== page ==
Social justice activist Linda Stout (www.lindastout.org) believes anyone can change the world — they just need to find people with a shared vision of what that world should be. Stout, author of Collective Visioning: How Groups Can Work Together for a Just and Sustainable Future (May 2011), and Kids Rethink New Orleans Schools, which has published Feet to the Fire: The Rethinkers Guide to Changing Your School (January 2011), will be at Octavia Books tonight (June 14) at 6 p.m. to read from their books and sign copies.
In their books, Stout and Rethink pay homage to each other with a chapter about their experiences together. Stout met with Rethink after Hurricane Katrina and used her collective visioning techniques to help the schoolchildren come up with a picture of what they wanted their schools to be and ways to accomplish their goals.
Collective visioning is a process in which a diverse group of people who care about the same issue or community come together, share ideas, desires for the future and experiences to discover common grounds — the things all are concerned about and what they would like to change. The emphasis, Stout says, is on setting aside racial, economic and social differences and focusing on the hopes, desires and problems they all have in common in order to energize a movement for change.
“We vision around a collective community,” Stout says. “It can be done in the form of meditation (then picturing in your mind what you want and drawing a picture of it), or it could be a series of questions where people are telling their stories.
“I took the (Rethink) kids in New Orleans into a time machine into the future and then we had them collectively draw their ideas and then had people build on their ideas. Someone might draw a garden and another person puts a windmill and park around it. Then we go back and look at [the picture] and decide what we want to work on for the next year or two.”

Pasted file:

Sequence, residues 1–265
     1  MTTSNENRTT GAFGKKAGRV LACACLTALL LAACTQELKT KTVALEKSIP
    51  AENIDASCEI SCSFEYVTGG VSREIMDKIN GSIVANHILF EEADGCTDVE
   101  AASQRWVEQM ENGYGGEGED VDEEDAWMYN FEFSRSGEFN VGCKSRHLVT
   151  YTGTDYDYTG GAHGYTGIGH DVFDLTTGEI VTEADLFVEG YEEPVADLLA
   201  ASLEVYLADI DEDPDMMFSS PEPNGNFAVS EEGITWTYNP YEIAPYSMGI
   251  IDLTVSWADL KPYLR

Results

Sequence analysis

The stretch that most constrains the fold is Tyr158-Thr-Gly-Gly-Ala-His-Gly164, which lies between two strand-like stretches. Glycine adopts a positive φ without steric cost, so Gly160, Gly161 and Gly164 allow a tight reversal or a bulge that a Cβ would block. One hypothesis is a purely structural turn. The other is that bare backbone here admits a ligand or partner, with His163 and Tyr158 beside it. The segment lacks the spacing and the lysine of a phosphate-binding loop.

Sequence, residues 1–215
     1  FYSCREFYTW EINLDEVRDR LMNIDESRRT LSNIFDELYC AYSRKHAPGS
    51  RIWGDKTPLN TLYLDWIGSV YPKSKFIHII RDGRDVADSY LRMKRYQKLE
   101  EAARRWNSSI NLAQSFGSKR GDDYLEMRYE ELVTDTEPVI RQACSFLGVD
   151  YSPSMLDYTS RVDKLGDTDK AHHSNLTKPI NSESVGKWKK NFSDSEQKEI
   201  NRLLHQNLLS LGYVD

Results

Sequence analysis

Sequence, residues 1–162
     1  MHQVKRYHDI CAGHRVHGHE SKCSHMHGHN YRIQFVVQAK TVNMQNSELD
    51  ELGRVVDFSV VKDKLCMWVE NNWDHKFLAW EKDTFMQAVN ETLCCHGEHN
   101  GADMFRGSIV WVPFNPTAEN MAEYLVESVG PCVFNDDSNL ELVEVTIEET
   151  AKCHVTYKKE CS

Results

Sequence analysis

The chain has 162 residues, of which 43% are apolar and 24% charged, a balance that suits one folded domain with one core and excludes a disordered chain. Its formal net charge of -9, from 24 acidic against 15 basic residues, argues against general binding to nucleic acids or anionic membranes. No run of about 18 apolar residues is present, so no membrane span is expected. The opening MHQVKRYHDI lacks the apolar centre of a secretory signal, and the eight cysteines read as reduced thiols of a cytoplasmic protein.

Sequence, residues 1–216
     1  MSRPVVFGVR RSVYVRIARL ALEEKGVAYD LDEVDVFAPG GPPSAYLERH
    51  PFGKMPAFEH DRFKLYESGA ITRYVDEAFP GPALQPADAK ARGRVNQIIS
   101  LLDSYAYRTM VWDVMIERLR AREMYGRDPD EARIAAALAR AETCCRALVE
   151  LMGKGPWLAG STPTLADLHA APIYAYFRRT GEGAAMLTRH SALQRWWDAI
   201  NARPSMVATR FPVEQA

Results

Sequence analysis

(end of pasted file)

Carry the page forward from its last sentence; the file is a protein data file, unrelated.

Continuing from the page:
Those children wanted to change the way new schools were built after the 2005 levee failures washed away much of New Orleans’ educational infrastructure. The junior high students’ vision was for schools to include community gardens, restorative justice circles, green space for outdoor classes, cafeterias serving healthy foods and more. Stout says she meets with Rethink every summer, since the students change every year, to refresh the collective visioning plan and help the group stay on target.
This summer Rethink is focusing on health: ways to address diabetes, high blood pressure and stop the school-to-prison pipeline, Stout says.
Feet to the Fire is the story of how Kids Rethink New Orleans Schools initiated changes to reform the city’s public schools. It’s also a handbook for other youth to follow to organize around an issue, gain public attention and create change. There is a chapter on collective visioning.
Stout has been an activist since the early 1980s when she formed a group that later joined with the Nuclear Weapons Freeze Campaign to halt the buildup of nuclear weapons and curb the threat of nuclear war. That campaign was so successful that in June 1982 nearly a million people attended a rally in New York City to protest the nuclear arms race. The freeze was endorsed by 275 city governments and 12 states. Despite that success, the campaign organization itself ran out of fuel, which taught Stout something about sustaining a movement.
In 1984, she worked with the Piedmont Peace Project, a multiracial peace and justice organization in North Carolina that won the National Grassroots Peace Award. In 2000, Stout founded Spirit in Action, an organization aimed at creating a just and equitable world. Stout, who 13 years ago wrote Bridging the Class Divide and Other Lessons for Grassroots Organizing (a book that is on the reading list of some universities), says collective visioning has been used by more than 120 groups to achieve common goals.
“It’s been my passion for my whole life — to help create and find the power for justice that we need in the world,” Stout says. “Visioning is a tool, a step to getting there. I’ve found it moves people toward what we are working for instead of what they are against. It allows us to move collectively together.
“ It’s not some kind of woo-woo dream about the possible; it’s based in reality. If people had told the Rethink kids … that they could deal with a multinational corporation that provides school food and could negotiate better foods … even adults would not have believed that possible. But it happened.”
Stout says some of the groups she helps start on a local level and join larger networks that share the same goals.
“I am totally committed to having us change the world,” she says. “We can start at a local level, but we can expand that to national and international levels. They have to be connected (to have global influence).” Such expansions, she says, allow cross-pollination of ideas and motivate people to look beyond their individual issues or strategies and focus on the larger picture of enacting change in a broader sense. “We don’t have the power to make the difference unless we’re working together,” she says.